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This is something that I know most people still can’t understand. It was not something done in the middle of the night. It was the hardest decision of my life, and it took a long time. Bayern had approached me the previous year, and I decided not to go. But when Pep Guardiola was announced as the new manager, and I was approached again, I didn’t know what to do.

You have to understand how a 20-year-old thinks. Remember when you were 20? You don’t understand the way the world works. Personally, I didn’t have the chance to go away to university. I had never lived on my own. So I felt like I needed a change in life, and in pure football terms, I felt like playing under Pep would really challenge me to evolve as a player.

I made the decision to go, and I didn’t understand the consequences.

A few weeks later, we had police staying outside my parents’ house for protection.

I don’t know who let the cat out of the bag. It certainly was not me. That was the last thing I would have wanted. But obviously, the timing was terrible. Two days before we played Real Madrid in the Champions League semifinal, the news came out that I was leaving in the summer.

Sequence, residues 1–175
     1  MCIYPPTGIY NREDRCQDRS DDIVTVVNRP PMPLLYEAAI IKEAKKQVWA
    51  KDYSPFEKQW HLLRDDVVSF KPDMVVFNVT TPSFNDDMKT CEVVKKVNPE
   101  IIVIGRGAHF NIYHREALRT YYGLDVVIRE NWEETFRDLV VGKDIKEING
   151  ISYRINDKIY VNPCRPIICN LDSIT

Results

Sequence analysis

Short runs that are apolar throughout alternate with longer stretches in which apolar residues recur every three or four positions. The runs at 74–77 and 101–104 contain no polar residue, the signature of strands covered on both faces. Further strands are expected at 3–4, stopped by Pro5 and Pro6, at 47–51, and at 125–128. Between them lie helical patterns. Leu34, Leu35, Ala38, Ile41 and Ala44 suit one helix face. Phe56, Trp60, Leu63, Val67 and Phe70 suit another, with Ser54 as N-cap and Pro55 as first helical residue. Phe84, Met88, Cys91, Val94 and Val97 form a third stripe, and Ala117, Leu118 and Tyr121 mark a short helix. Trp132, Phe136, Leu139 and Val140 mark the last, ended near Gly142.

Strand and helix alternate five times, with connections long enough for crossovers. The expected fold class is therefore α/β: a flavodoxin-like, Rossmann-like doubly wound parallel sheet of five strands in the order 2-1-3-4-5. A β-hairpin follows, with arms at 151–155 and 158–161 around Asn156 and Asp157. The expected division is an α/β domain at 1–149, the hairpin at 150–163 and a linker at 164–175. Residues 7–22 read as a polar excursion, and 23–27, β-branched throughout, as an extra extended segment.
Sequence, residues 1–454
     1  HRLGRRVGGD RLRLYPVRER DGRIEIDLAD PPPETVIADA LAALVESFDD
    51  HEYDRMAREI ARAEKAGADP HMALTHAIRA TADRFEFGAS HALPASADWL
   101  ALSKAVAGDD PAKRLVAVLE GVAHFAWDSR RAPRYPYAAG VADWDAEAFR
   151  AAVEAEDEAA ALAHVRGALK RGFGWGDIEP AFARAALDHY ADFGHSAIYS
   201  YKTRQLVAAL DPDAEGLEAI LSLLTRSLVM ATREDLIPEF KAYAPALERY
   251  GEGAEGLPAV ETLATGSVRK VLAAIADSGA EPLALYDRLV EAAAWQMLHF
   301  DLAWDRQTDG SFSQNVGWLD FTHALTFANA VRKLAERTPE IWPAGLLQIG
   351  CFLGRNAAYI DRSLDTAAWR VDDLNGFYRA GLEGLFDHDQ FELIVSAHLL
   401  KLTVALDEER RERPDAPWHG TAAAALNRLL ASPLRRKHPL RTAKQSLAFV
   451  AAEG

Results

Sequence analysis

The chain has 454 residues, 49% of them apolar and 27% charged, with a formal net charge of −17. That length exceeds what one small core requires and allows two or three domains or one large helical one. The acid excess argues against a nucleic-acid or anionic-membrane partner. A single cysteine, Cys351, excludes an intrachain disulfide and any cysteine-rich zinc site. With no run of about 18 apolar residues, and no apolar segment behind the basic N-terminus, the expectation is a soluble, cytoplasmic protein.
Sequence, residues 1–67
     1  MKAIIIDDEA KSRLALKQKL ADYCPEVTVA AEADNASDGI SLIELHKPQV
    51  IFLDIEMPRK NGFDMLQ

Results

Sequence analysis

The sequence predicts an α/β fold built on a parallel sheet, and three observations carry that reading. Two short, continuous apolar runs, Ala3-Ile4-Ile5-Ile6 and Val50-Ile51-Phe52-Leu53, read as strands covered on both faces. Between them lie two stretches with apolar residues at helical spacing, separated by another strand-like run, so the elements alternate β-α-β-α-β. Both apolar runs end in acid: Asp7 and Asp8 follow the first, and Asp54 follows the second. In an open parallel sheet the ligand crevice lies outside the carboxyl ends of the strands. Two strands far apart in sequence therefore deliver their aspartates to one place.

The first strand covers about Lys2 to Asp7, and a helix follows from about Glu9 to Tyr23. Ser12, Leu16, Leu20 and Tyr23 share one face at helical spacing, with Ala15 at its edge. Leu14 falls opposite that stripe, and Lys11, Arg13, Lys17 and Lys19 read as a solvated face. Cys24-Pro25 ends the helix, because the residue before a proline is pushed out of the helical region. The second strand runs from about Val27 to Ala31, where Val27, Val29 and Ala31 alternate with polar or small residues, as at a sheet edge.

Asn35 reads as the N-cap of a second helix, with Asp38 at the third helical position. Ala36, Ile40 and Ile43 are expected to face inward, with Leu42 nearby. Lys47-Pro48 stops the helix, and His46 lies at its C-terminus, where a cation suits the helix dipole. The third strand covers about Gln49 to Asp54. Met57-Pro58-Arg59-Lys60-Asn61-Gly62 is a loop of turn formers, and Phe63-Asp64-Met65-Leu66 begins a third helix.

I understand the reaction now. I do. For a lot of people, football is more than a game.

But at the time, it was shocking. The whistles and the banners from our own fans … I could deal with that, personally. But my younger brother was 14 at the time, and he was being confronted in school. People were saying things to my mother. There were threats made to my family on the Internet. That was really unbelievable to live through, especially because this was our home. I got to move away in the summer, but my family had to stay and live in Dortmund, so it was actually worse for them. It was the most difficult time in our lives, but it’s hard to say that I regret it.

One thing that I have learned in life is that you cannot predict what’s coming. Some of the greatest moments I’ve lived in football have come directly after some of the darkest. And the same is true for the reverse. If you listened to the media, I was a Judas, then a hero, then a disappointment, then almost out of football. All this in just four years.

Vladimir Rys Photography/Getty Images

It is hard for me to say that going to Bayern was a mistake, because I did learn an incredible amount about football from Pep. He could talk to you about tactics literally for hours, and I learned to see the game from a new perspective. The level of training was the most intense and meticulous that I’ve ever experienced. It was special to experience him as a coach and as a person, just as it was with Klopp. So I’m conflicted when I think about that time. It was extremely difficult leaving Dortmund, but if I don’t make that change, if I don’t go to Bayern, does the World Cup happen in the same way?